It was still there. It had to be. He could feel it.
Curt Marsh lay on his hospital bed with his eyes closed. He could feel the toes of his right foot pressing against the smooth, cool metal of the bed's guardrail. Maybe they didn't take it, he thought. Maybe the doctors had made a mistake. Though they had intended to amputate, perhaps they had found another way.
Marsh opened his eyes and looked down. Slowly, he lifted the sheet and strained to see the foot he swore he could feel. But it was gone.
He closed his eyes again, blinking back tears. It was over.
When he came out of the University of Washington in 1981, Marsh was one of the best offensive linemen in the country. He had been raised in Snohomish, Wash., and bulked up by tossing bales of hay for local farmers, who marveled at his strength. When Snohomish High won the state football championship in '76, townsfolk knew that much of the credit belonged to Marsh, who played both offensive and defensive tackle. Marsh was a four-year letterman and a major force on Washington's '78 and '81 Rose Bowl teams. By the end of his college career he stood 6'5", weighed 285 pounds and had a 52-inch chest. He was on every NFL team's wish list.
"He was the guy we wanted," says Tom Flores, a former Raider quarterback who coached the team from 1979 to '87 and is now coach of the Seattle Seahawks. "We liked his size, his thickness. Everything about him. We wanted him first and [future Hall of Fame defensive end] Howie Long second. That says a lot."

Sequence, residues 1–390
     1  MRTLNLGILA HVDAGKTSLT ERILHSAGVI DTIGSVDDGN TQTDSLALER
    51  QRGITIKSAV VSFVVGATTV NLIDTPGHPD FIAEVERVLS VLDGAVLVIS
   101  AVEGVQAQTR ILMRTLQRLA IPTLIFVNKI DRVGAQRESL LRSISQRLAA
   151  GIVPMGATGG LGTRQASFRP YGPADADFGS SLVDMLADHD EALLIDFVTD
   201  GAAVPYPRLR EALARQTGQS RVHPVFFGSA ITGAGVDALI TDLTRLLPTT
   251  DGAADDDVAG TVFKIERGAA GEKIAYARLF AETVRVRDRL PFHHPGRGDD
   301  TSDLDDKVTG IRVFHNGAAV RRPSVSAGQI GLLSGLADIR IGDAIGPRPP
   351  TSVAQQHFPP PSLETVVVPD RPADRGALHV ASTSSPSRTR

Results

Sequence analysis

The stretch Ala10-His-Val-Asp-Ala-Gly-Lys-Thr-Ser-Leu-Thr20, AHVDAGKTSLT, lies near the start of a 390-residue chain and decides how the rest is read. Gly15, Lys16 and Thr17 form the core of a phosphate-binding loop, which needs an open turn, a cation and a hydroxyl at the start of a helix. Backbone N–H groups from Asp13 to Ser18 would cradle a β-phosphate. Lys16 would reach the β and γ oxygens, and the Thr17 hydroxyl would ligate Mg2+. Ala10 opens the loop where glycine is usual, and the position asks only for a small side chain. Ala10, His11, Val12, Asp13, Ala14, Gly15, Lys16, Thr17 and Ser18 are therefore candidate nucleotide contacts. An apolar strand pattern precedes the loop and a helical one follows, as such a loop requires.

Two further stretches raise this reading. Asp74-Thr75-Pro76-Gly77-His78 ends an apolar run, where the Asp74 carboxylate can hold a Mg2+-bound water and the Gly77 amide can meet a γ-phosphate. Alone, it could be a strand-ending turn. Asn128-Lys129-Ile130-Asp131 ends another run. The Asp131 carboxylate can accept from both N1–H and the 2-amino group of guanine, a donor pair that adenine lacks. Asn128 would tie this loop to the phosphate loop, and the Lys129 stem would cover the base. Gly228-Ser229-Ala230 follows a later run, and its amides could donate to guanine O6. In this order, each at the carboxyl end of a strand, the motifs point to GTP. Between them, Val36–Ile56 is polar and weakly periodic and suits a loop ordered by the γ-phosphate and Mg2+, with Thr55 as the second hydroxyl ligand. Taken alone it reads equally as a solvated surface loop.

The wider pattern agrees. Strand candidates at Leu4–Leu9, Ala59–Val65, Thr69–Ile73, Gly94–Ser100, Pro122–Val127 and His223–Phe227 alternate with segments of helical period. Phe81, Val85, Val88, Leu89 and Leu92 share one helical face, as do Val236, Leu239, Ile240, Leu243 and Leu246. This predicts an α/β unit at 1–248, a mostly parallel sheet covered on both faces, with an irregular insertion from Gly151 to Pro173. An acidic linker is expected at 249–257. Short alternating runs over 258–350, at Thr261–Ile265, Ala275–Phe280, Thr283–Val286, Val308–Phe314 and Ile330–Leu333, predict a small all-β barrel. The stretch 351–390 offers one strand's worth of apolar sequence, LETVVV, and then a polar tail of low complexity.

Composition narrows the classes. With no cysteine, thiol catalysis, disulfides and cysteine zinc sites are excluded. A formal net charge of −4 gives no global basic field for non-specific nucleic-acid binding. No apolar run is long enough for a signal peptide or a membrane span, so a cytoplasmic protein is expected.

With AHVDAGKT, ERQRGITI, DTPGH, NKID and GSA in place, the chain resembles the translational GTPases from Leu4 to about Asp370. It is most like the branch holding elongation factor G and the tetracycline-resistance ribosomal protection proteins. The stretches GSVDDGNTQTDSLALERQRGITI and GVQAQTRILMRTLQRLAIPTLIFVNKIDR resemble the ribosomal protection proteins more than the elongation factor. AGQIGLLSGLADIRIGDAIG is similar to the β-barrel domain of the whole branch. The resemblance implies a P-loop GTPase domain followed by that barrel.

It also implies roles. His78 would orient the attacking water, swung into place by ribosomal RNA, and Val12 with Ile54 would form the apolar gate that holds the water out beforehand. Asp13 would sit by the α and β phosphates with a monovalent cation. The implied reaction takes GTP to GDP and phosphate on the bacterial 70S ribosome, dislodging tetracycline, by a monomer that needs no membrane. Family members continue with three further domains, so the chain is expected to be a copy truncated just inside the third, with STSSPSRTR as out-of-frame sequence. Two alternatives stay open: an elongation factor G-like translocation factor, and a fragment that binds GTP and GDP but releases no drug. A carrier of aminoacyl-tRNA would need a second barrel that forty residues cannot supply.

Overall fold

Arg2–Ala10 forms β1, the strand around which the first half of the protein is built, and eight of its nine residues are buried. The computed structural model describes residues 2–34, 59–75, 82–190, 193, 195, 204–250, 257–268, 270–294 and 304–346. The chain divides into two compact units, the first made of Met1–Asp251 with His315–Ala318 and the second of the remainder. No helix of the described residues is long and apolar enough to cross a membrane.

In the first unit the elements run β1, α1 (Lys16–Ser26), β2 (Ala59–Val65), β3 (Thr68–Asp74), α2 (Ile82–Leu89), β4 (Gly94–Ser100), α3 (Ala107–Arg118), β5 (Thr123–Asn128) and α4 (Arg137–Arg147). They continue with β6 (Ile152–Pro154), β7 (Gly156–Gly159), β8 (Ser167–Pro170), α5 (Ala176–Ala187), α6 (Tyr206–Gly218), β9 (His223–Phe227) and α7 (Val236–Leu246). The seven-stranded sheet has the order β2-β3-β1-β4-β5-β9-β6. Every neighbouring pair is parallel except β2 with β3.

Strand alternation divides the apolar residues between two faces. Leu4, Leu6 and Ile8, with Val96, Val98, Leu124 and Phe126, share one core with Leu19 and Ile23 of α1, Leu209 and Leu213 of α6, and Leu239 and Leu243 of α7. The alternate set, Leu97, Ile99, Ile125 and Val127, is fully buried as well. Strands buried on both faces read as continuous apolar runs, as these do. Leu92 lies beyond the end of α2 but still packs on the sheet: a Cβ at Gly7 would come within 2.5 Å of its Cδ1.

The Raiders made Marsh their first draft pick—the 23rd overall that year—and as a rookie, he lived up to his billing, starting at left guard for most of the season, opening up cavernous holes for Marcus Allen and earning a spot on the 1981 All-Rookie team. "He had the whole package," says former Raider linebacker Matt Millen. "If he had stayed healthy, he would have been All-Pro over and over and over."
But Marsh did not stay healthy. In fact, after his rookie season, injuries plagued him for much of the next six years, eventually forcing him out of the game in 1987. By the time Marsh finally called it quits, he had endured 12 operations, including four on his right ankle and right foot. He had also broken his right arm, his left hand and a finger, and he had torn a ligament in his left knee.
But Marsh's ordeal did not end with his retirement. For seven years thereafter, he was tormented by chronic pain, which numerous surgical procedures failed to alleviate. On Sept. 21 at Harborview Medical Center in Seattle, Marsh underwent amputation of his right foot and the lower leg from eight inches below his knee.
According to Marsh, the Raiders have said that his use of muscle-building anabolic steroids was responsible for his injuries, that his muscles grew too large for his ligaments, tendons and bones to handle. And Marsh does not deny having used steroids. He says he first took them in 1980, before his senior year at Washington: three five-milligram tablets of the synthetic steroid Dianabol every day for a month. Marsh says that the next time he took steroids was in '82, when a doctor in San Francisco prescribed a once-a-month shot of one cubic centiliter of testosterone combined with one cubic centiliter of Deca-Durabolin, another synthetic steroid. He also prescribed 10 milligrams of yet another, Anavar, taken orally once a day. Marsh says he was on this program for two months.